In the Huallaga, Sendero has been reduced to its lowest point as a result of police action, crop eradication and alternative economic development initiatives. The greater relative strength of the group in VRAE is explained partly by the lack of government presence and a preference for military action at the expense of policing efforts. The 2008 and 2009 military offensives were the largest of the decade after years of inaction. But the high casualties and lack of results brought them to a halt. Thus, although the VRAE force is geographically isolated, it remains a serious threat.
Deteriorating Urban Safety
This deterioration in public safety has occurred during a period that has seen rapid economic growth, poverty reduction and even a slight decrease in inequality. Paradoxically, the cities that benefited the most from this growth were those with reputations for being unsafe due to high crime rates.
At the same time, the police, far from growing stronger, have continued to show a tendency toward weakness and retreat. On the one hand, they suffer from serious management problems, lack of transparency and corruption. On the other hand, police workplace rules have seriously undermined the public nature of policing. The “24-hours on and 24-hours off” policy allows officers to work for pay for third parties, in uniform, during their days off. In practice, the days they work for the police department become their rest days.
In recent years, opinion polls reflect the widespread perception that there has been a sustained increase in crime with an accompanying deterioration in urban safety. With few exceptions, police statistics reflect this deterioration.
But this needs to be examined more closely. The most serious deterioration has been in homicides. During the period 2000–2004, the national homicide rate per 100,000 inhabitants was five, while in the last five years it rose to 11—an increase of 120 percent. The rate of homicides in Peru is far lower than the most violent countries in the region, but it is also true that it exceeds those of several countries, such as Argentina, Chile, Costa Rica and Uruguay, where rates have been below the global average of 8.8 homicides per 100,000 inhabitants.
Reported felony crimes between 2000 and 2004 stabilized at 600 per 100,000 inhabitants, only to dip 10 percent and then average 536 over the next five years. At least two-thirds of these complaints were for nonviolent property crimes, especially those committed in public. This trend is not reflected by reported stolen vehicles, which increased 50 percent between the first and the second half of the decade.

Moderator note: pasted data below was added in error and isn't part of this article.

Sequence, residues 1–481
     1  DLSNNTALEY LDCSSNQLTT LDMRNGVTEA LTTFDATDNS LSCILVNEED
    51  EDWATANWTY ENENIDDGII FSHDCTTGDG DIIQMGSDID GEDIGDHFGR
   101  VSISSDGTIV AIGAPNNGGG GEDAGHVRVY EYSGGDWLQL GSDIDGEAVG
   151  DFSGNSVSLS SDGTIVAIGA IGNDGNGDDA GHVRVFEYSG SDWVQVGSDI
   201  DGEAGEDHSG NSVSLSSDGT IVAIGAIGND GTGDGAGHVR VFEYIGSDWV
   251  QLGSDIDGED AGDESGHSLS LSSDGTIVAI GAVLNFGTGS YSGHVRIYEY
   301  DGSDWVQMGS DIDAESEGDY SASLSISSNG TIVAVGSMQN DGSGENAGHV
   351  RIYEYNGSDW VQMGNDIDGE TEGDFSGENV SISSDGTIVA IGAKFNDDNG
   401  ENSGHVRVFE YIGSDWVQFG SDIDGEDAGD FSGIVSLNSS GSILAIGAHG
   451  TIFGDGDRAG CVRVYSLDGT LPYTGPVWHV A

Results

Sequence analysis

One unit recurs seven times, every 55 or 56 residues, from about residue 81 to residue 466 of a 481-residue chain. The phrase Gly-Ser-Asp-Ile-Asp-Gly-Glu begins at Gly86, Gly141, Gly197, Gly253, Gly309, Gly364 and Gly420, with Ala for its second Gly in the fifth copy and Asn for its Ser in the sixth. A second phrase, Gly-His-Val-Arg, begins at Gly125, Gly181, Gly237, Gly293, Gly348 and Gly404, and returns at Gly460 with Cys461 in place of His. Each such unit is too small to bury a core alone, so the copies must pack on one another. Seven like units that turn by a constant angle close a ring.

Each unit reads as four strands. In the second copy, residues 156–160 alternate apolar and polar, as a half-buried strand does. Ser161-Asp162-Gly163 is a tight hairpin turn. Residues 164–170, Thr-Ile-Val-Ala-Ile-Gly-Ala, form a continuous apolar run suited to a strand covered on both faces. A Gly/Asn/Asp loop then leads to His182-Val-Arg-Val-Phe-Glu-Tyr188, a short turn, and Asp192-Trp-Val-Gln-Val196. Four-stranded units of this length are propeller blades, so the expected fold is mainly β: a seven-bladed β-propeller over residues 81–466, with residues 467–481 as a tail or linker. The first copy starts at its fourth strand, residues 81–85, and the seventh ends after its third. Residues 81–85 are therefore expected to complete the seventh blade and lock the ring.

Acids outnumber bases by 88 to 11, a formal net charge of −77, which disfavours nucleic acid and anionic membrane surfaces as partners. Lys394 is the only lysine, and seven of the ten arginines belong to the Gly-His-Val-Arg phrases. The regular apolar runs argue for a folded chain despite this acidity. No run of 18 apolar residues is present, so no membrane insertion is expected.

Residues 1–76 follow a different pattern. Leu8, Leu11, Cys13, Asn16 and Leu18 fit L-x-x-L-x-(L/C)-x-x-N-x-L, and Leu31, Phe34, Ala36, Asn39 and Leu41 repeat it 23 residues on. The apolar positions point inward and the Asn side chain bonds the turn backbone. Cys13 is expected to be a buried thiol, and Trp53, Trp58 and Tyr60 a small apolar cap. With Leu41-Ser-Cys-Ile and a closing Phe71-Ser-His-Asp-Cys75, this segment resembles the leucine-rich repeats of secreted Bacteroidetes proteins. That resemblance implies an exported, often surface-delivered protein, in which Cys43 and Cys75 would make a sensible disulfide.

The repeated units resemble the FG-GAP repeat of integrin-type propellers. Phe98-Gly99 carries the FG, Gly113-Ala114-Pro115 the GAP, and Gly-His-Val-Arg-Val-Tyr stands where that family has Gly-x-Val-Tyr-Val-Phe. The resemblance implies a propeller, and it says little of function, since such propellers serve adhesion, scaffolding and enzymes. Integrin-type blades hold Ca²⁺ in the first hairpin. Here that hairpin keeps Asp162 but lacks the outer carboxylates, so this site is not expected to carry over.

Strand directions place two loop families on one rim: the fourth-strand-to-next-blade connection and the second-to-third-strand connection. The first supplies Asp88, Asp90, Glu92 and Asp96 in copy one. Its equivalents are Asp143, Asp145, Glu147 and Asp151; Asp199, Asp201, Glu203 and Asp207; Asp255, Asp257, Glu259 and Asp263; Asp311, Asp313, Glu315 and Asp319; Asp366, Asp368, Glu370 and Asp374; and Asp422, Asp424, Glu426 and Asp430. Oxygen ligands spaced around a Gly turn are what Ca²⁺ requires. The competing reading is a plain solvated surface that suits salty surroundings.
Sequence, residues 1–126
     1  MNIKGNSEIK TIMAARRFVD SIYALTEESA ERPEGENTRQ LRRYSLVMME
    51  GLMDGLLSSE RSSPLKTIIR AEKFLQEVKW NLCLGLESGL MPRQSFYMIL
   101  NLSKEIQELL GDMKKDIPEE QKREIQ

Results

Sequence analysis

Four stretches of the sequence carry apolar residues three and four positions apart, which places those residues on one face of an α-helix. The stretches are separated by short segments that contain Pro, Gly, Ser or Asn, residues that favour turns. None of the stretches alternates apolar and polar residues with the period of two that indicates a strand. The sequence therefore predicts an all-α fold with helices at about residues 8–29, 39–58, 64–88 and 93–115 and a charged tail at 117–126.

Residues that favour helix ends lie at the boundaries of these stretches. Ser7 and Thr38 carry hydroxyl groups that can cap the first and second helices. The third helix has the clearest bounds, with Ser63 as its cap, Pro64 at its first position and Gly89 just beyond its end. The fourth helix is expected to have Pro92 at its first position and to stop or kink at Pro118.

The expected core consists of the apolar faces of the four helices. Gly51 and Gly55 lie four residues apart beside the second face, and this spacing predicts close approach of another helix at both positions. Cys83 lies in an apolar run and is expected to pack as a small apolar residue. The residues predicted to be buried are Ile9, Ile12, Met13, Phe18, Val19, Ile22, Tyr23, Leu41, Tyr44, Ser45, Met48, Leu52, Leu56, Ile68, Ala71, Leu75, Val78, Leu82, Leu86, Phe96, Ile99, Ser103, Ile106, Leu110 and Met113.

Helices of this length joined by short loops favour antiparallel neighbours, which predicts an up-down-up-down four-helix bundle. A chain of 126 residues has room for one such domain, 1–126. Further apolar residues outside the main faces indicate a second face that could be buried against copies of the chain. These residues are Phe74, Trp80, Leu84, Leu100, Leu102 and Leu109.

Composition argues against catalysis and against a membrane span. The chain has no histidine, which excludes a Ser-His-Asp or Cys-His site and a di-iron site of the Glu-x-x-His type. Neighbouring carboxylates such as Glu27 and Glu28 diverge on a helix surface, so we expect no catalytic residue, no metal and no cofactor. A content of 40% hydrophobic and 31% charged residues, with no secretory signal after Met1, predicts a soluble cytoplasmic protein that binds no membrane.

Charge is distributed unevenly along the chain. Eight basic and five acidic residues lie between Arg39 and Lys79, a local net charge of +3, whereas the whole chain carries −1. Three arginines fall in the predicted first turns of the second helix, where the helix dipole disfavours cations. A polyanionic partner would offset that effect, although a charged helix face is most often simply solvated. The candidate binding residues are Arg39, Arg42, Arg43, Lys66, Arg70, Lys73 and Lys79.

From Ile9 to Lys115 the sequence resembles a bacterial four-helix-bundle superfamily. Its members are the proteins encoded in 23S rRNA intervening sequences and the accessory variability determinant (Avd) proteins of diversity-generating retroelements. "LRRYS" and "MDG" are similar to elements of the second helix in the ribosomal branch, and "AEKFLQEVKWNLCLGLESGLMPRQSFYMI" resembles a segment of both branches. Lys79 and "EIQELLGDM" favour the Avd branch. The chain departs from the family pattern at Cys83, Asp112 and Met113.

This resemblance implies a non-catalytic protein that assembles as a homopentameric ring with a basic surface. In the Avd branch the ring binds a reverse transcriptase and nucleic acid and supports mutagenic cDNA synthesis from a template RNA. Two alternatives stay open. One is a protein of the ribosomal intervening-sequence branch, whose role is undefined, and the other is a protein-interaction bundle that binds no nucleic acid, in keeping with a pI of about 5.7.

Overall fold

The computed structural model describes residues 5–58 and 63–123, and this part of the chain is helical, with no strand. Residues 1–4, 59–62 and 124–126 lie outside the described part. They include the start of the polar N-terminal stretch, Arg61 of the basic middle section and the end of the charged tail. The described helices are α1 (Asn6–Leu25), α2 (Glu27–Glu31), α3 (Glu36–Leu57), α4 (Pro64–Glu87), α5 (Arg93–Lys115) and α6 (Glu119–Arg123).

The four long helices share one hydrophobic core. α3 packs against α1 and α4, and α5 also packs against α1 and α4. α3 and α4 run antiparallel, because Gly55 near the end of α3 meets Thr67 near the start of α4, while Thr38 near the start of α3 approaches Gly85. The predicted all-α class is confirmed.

Perhaps this deterioration has to do with declining police recovery rates for stolen vehicles, which decreased from 62 percent in the first five years of the decade to 50 percent in the second. Also bucking the trend of lower reported felonies is the increase in bank and financial institution robberies, which, although low, has doubled from 13 to 27 between the first and the second half. The same is true for the expansion of extortion, especially in the last two years in northern coastal towns like Trujillo and Chiclayo.
Reported misdemeanors also showed an inverse relationship to felonies, having increased by 26 percent from 600 to 756 per 100,000 inhabitants. To a large extent, this is explained by the increase in domestic violence and gender-related violence complaints, which were first recorded by the police in 2000 and have since continued to grow exponentially.
In spite of all of this, urban violence and crime have not overwhelmed the country. There are five reasons why.
First, the increasing role of local governments, mainly through the emergence and development of civilian constabulary units (serenazgos), which have begun to fill the void left by the police in crime prevention. The first of these units surfaced in Lima in 1990; today, 38 of the capital’s 43 districts have them, as do almost all major cities in Peru. Starting in 2005, the number of serenazgos increased from just over 5,000 to 8,000 in Lima. At the national level, the number has grown from 10,000 to 15,000.
A second factor is the growth of neighborhood watch groups, with police encouragement, along with the adoption of self-protection measures by the citizenry, and the exponential growth of the private security sector. Two-thirds of Lima’s residents invest in private or community security measures, e.g. private security guards (50 percent), neighborhood patrol (33 percent) or gates and security bars (28 percent). The police have organized around 16,000 neighborhood patrols, comprising more than 150,000 individuals. There are 509 registered private security companies, with nearly 88,000 employees. It is estimated that there are at least 35,000 additional agents in informal companies, not to mention informal vigilantes who work for hire, especially in low-income neighborhoods. These figures are not negligible when compared with the 107,000 police and the 15,000 local civilian constabularies.
A third factor corresponds to the growing attempts at coordinating public, private and community efforts by local public safety committees (inter-institutional bodies chaired by mayors with the purpose of diagnosing problems concerning safety, violence and crime). Currently, there is a National Council, 26 regional committees, 194 provincial committees, and 1,638 district committees.
Fourth, specialized police units in the investigation and prosecution of organized crime have been reinforced, which has provided at least some level of control over more sophisticated criminal activities.
Finally, the 29 percent increase in the nation’s prison population between the first and second halves of the decade has contributed to the fight against crime. This may reflect the progressive toughening of criminal laws, the greater propensity of judges to order incarceration and a more effective penal system.
Increases in Social Violence
Peru is a country beset by socioeconomic and environmental conflicts. The majority of these conflicts are associated with the opening of the economy in the 1990s to large extractive industries such as mining, gas and oil, and opposition from coca growers’ organizations to policies of crop eradication.